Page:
Previously you seemed disappointed with the way you learned about the L&M team plans for 2009 – any final comment on that situation?
I had four great years with Larry (Brooks) and consider him to be a good friend. In our last interview it was very tough for me to talk about it.  Larry had his reasons for not resigning me – we don’t have to agree on everything.  He’s a businessman doing what he has to do; maybe I could have looked out for myself a little bit better.  Larry treats his riders great. Now someone else is there, and they have that opportunity.  I’m happy to have had what I had with him. He taught me so much.

  • Nate most recently rode for L&M Yamaha
  • Ramsey (#25) rode the CRF450 in 2002
You truly have been on some excellant teams throughout your career.
Yeah, one of the things that I pride myself on is that I was a rider who was with almost every company out there – generally leaving on good terms.  That’s why I want this thing with L&M to be the way it should be, which is with everybody happy, and me moving on.  I’ve made so many good friends to where even now, when I’m at this new chapter in my life, I can go back to people like Mitch Payton for help.  I have a special feeling for Pro Circuit with capturing a championship and winning alot of races on their motorcycles.  The guys at Honda have been great too; it’s nice to be able to turn to any of the teams and they’re willing to help. I think that mutual respect is there.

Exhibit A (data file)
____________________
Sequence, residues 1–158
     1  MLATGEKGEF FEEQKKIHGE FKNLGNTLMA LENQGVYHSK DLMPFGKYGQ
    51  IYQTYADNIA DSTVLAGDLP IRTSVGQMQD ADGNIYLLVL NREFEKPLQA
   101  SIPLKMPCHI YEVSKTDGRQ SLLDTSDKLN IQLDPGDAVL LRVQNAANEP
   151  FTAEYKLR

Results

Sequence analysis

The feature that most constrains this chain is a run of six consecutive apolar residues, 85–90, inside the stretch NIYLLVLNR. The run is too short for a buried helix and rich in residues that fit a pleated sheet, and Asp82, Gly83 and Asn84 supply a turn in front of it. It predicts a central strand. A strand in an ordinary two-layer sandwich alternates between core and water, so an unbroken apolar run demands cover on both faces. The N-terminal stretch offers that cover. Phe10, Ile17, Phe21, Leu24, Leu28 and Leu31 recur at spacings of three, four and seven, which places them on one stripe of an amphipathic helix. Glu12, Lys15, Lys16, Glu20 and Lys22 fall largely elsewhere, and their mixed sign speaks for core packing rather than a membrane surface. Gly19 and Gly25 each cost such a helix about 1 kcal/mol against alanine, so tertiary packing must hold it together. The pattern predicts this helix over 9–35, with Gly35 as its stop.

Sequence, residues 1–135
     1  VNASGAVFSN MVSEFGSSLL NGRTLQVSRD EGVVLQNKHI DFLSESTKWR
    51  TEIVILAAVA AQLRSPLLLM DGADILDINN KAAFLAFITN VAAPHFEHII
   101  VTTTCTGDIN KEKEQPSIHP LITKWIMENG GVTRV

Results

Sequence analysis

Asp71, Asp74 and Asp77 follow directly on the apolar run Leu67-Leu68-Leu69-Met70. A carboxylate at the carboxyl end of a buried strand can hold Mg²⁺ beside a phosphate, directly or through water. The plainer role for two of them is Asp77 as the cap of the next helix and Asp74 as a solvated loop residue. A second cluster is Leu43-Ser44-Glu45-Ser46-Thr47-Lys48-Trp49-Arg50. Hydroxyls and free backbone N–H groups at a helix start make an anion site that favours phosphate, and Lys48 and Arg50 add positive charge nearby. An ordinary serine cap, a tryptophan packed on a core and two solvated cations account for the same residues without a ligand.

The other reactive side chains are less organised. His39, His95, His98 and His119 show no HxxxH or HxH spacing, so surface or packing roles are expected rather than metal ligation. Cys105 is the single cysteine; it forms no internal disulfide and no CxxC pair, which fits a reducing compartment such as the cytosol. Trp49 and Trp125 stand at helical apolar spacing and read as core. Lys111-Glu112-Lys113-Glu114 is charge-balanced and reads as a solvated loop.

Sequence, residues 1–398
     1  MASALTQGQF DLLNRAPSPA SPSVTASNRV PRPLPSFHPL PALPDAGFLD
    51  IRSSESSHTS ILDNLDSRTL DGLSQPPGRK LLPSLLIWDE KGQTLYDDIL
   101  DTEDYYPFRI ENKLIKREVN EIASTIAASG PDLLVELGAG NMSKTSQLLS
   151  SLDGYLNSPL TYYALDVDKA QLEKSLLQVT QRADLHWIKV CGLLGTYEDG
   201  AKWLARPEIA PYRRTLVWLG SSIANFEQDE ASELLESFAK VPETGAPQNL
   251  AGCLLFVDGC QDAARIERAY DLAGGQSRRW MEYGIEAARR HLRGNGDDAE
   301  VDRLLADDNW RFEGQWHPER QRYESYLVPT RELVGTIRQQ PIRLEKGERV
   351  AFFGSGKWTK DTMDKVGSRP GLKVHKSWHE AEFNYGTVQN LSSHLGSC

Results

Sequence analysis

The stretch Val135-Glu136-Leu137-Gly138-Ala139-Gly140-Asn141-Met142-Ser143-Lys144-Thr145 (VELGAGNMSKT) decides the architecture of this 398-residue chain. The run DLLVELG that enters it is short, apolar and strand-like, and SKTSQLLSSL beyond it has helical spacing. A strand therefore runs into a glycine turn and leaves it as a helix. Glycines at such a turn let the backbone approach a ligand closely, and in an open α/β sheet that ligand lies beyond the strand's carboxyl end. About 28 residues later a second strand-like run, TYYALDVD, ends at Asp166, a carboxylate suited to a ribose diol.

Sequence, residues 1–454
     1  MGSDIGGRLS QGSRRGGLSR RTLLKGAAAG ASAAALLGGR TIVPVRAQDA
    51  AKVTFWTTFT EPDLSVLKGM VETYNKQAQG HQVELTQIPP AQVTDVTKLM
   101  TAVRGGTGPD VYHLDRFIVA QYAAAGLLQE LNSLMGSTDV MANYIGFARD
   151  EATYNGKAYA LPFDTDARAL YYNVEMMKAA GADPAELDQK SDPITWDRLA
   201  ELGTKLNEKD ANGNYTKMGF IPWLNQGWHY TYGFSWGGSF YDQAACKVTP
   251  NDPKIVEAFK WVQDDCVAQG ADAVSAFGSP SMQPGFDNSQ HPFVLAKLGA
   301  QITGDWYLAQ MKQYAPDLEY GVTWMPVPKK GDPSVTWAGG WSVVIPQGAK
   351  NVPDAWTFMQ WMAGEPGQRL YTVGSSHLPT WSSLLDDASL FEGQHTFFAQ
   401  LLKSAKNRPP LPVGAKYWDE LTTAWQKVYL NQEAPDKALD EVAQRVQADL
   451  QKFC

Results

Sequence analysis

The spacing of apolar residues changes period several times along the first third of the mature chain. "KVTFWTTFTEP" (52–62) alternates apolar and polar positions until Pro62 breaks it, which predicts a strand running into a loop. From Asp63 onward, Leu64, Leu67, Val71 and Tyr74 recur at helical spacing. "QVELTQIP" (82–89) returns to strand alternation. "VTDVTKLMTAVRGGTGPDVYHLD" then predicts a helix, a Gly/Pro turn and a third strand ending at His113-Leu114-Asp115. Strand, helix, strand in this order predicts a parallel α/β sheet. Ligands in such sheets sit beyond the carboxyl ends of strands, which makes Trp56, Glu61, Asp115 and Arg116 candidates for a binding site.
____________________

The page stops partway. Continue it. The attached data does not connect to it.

Moving to your early years; you were never really one of the top amateur minicycle riders were you? 
No, I got a bit of a late start. I first raced a few times when I was 12, and then broke my leg.  Coming came back when I was just about to turn 15 I had a lot of catching up to do.  I just had it in my head that the only way I was going to get anywhere was by working harder than the next guy. That’s what I have always tried to do.  I never really set the world on fire in any of the amateur nationals, but in my own way I made my mark.  I’m really glad my career went the way that it did; it made me who I was once I got to the professional ranks and successful in the way that I was successful.  With some of these guys, they’ve had it so good for so long.  They get to the pros and it’s not that much different, and often it’s tough for them to keep the hunger and drive going.  For me it was easy because I was just so unbelievably excited to be there! 

Talk about your Supercross Lites Championship. 

It was a great accomplishment, but it wasn’t just me; it was everybody that surrounded me, from my parents travelling in our motorhome with my older brother, to the point where Mitch and those guys were supporting me.  There are only a handful of people to win a championship, and I’m very honored to be on that list. 
After that championship you had several other standout seasons where you were so close to winning another title
Yeah, I had a couple of runner-up years, and a few times I was leading the points near the series’ end but it just didn’t work out.  I couldn’t be too mad at myself or mad at anything around me because I was doing everything that I could.  I won quite a few other races besides that year in 1999. It was enough to establish myself as a true player in the sport and it opened up many doors and opportunities.